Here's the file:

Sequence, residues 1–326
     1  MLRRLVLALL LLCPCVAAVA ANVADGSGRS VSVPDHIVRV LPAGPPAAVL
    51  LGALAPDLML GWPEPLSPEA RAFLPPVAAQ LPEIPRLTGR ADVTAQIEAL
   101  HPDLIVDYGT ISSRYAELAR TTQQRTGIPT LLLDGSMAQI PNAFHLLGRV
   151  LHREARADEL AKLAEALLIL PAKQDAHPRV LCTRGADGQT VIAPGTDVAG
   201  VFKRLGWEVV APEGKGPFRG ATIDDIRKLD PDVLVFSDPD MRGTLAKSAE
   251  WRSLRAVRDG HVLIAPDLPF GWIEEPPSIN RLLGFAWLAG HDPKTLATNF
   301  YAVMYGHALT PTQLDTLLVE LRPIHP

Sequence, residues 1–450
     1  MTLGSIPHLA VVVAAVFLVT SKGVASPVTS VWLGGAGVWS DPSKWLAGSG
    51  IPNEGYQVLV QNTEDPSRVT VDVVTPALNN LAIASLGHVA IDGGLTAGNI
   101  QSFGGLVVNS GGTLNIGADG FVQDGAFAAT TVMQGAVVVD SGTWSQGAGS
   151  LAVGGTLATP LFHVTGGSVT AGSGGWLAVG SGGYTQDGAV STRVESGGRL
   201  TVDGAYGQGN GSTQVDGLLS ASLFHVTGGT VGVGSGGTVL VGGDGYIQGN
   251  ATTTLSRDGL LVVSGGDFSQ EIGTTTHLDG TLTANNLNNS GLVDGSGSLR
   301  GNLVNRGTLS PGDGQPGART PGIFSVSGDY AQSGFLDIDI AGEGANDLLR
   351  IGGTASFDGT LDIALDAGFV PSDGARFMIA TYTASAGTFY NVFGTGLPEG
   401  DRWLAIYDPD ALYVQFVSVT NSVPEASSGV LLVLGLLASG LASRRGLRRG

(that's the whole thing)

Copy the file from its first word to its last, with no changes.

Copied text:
Sequence, residues 1–326
     1  MLRRLVLALL LLCPCVAAVA ANVADGSGRS VSVPDHIVRV LPAGPPAAVL
    51  LGALAPDLML GWPEPLSPEA RAFLPPVAAQ LPEIPRLTGR ADVTAQIEAL
   101  HPDLIVDYGT ISSRYAELAR TTQQRTGIPT LLLDGSMAQI PNAFHLLGRV
   151  LHREARADEL AKLAEALLIL PAKQDAHPRV LCTRGADGQT VIAPGTDVAG
   201  VFKRLGWEVV APEGKGPFRG ATIDDIRKLD PDVLVFSDPD MRGTLAKSAE
   251  WRSLRAVRDG HVLIAPDLPF GWIEEPPSIN RLLGFAWLAG HDPKTLATNF
   301  YAVMYGHALT PTQLDTLLVE LRPIHP

Sequence, residues 1–450
     1  MTLGSIPHLA VVVAAVFLVT SKGVASPVTS VWLGGAGVWS DPSKWLAGSG
    51  IPNEGYQVLV QNTEDPSRVT VDVVTPALNN LAIASLGHVA IDGGLTAGNI
   101  QSFGGLVVNS GGTLNIGADG FVQDGAFAAT TVMQGAVVVD SGTWSQGAGS
   151  LAVGGTLATP LFHVTGGSVT AGSGGWLAVG SGGYTQDGAV STRVESGGRL
   201  TVDGAYGQGN GSTQVDGLLS ASLFHVTGGT VGVGSGGTVL VGGDGYIQGN
   251  ATTTLSRDGL LVVSGGDFSQ EIGTTTHLDG TLTANNLNNS GLVDGSGSLR
   301  GNLVNRGTLS PGDGQPGART PGIFSVSGDY AQSGFLDIDI AGEGANDLLR
   351  IGGTASFDGT LDIALDAGFV PSDGARFMIA TYTASAGTFY NVFGTGLPEG
   401  DRWLAIYDPD ALYVQFVSVT NSVPEASSGV LLVLGLLASG LASRRGLRRG